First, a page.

"When you hear all these pundits and experts, cable TV talkers, talking about the race, tell them: It ain't over, man. We're just getting started," a cheery Biden told supporters in Columbia, S.C. "We're not going to let anyone take this election away from me."
Biden's early struggles certainly haven't inspired confidence among Democratic donors. Unite the Country, a super PAC supporting Biden, circulated a memo to donors on Tuesday urging them to "dig deep" for their candidate, warning of a "doomsday scenario" if the former VP is forced to withdraw from the race.
PAC treasurer Larry Rasky argued that Biden "remains the one candidate that can beat Trump," while Sanders's unapologetic embrace of socialism was a "real and dangerous" concern for the party. "Democrats in swing districts will have to hide from Sanders," wrote Rasky. "We cannot risk the House, state Houses, and also have no shot at dislodging [Senate Majority Leader Mitch] McConnell with Bernie at the top of the ticket."
Elizabeth Warren, who appeared on track to narrowly beat Biden for fourth place in New Hampshire, now finds herself in a similar position. Warren, who was also projected to fall short of the threshold to receive delegates, took the stage early on Tuesday, congratulating Sanders and Buttigieg for having "strong nights" and commending Klobuchar "for showing just how wrong the pundits can be when they count a woman out."
Earlier in the day, the Warren campaign sent a memo to the New York Times that sought to reassure supporters ahead of the disappointing New Hampshire results. Campaign manager Roger Lau predicted, unconvincingly, that Warren would emerge as "the consensus choice of the widest coalition of Democrats in every corner of the country."
Lau also predicted the emergence of a "volatile and unpredictable" three-way race between Warren, Biden, and Sanders. He argued that Buttigieg would struggle to remain viable due to his lack of support among minority voters, while Klobuchar and former New York City mayor Michael Bloomberg would likely wither under increased scrutiny of their records. Lau also took a shot at failed candidate Beto O'Rourke, noting that the "people who are predicting what will happen a week from now are the same people who a year ago predicted that Beto O'Rourke was a frontrunner for the nomination."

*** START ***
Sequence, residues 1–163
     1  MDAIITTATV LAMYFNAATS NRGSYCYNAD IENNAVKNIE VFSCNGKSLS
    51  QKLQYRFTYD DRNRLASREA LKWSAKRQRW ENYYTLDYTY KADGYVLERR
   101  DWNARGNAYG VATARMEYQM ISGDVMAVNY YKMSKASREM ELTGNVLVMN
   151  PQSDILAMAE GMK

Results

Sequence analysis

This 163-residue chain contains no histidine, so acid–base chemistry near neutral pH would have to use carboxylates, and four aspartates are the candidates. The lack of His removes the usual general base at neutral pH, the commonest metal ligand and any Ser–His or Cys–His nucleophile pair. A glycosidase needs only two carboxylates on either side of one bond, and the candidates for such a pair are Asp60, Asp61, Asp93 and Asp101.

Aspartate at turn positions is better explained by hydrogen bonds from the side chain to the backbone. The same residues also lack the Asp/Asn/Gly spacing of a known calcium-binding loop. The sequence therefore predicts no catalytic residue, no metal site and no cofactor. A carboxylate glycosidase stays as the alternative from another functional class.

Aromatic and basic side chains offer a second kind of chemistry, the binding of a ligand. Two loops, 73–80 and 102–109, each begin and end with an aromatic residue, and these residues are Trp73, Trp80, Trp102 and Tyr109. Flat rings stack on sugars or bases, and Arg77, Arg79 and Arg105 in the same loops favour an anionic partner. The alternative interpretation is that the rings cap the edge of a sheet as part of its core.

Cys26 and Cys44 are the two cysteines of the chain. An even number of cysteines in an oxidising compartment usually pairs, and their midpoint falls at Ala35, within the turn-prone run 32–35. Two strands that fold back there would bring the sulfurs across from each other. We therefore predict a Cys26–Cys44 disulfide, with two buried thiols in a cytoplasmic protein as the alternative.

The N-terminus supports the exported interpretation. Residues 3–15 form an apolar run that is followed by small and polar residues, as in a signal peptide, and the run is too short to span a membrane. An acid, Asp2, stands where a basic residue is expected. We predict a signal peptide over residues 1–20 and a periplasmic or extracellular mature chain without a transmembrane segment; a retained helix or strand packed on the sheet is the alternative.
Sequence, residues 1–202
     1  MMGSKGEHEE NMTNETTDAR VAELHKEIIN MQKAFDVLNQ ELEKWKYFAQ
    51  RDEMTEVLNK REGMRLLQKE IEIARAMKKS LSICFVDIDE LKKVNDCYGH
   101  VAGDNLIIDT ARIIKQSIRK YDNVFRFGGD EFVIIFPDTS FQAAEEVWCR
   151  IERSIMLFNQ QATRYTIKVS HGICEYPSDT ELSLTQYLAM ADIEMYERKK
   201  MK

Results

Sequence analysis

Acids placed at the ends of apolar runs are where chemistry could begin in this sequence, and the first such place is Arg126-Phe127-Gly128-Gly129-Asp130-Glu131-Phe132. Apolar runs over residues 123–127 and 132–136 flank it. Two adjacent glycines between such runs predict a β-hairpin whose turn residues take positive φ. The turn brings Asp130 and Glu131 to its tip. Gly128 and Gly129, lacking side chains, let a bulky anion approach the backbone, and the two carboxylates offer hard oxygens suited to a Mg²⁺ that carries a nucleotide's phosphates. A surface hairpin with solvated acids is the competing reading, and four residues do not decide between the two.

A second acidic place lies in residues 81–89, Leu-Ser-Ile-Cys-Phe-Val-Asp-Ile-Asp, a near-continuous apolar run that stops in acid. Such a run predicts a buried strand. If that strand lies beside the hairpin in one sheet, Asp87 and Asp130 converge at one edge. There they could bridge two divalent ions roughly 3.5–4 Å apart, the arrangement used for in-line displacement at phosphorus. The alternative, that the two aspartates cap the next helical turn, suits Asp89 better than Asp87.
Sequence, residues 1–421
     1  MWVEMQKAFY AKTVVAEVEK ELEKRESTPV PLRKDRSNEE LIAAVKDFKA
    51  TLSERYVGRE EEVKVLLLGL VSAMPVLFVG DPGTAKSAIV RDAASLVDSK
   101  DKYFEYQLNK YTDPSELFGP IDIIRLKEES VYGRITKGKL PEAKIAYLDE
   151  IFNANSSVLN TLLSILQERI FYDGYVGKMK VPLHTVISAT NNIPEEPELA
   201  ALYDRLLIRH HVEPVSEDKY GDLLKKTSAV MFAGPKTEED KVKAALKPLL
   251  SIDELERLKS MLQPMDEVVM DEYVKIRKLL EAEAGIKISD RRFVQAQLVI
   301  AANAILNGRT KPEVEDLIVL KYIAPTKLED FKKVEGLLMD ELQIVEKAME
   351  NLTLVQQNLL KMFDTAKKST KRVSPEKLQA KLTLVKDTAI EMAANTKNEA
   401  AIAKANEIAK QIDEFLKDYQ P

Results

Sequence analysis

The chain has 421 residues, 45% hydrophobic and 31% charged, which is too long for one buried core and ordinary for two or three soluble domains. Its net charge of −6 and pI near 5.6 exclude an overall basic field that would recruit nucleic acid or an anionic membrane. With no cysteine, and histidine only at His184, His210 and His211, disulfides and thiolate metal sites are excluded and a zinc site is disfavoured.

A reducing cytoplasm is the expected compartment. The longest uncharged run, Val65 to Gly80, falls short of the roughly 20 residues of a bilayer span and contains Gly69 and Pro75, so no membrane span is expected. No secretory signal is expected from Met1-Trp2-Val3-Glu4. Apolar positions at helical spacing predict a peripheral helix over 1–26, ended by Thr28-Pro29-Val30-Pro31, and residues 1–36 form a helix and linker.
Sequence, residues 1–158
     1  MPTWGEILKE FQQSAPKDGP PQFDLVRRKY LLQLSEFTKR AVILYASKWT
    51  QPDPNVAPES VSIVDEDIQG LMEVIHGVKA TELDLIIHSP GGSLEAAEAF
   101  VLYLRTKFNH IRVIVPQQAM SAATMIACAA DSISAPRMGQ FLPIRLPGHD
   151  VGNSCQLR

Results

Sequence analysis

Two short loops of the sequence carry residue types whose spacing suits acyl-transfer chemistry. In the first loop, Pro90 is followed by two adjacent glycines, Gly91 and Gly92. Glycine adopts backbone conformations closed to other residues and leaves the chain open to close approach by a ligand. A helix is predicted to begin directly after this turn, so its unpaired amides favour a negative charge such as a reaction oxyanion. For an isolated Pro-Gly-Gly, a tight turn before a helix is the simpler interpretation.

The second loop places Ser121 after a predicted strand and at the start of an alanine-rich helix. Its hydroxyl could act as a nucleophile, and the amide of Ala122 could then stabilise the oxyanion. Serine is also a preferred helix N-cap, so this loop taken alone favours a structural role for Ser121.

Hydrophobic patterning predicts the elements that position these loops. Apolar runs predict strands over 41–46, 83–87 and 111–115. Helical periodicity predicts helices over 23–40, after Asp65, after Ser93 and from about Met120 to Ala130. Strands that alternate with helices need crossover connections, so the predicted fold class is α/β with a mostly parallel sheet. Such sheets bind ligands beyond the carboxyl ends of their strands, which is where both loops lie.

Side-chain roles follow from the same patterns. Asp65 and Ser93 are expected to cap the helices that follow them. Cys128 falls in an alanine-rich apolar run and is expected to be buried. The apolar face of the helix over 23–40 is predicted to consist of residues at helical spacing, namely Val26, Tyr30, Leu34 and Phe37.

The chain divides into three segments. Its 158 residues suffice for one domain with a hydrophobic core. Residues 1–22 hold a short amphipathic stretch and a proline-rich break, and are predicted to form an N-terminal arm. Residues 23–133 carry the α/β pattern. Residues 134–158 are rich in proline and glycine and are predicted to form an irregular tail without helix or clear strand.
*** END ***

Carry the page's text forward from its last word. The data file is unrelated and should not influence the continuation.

Speaking of failed predictions, as recently as October 2019, betting markets considered Warren a 52.5 percent favorite to win the Democratic nomination. Today that number sits at just 3.8 percent. Donald Trump, among others, took notice. "Elizabeth Warren, sometimes referred to as Pocahontas, is having a really bad night," the president tweeted. He wasn't wrong.
The collapse of Biden and Warren has resulted in a spike in pundit commentary on the potential impact of Bloomberg's formal entry into the race on March 3, aka "Super Tuesday," when 14 states, including Texas and California, will hold primaries. Bloomberg has yet to appear on a primary ballot, but has already spent more than $350 million on advertising since launching his campaign in November. While Bloomberg is widely presumed to be allied with the "anti-Bernie" faction of the Democratic Party, his presence on the ballot may end up helping Sanders by splitting the so-called moderate vote.
At least two candidates will not make it that far. Sen. Michael Bennet (D., Colo.) and tech entrepreneur Andrew Yang announced they were suspending their campaigns shortly after the polls closed in New Hampshire.
"A lot of Democrat dropouts tonight, very low political I.Q." Trump remarked. The president's reelection campaign, meanwhile, emailed supporters with the following take on the New Hampshire results: "A crazy socialist and a former small town mayor just crushed the former VP."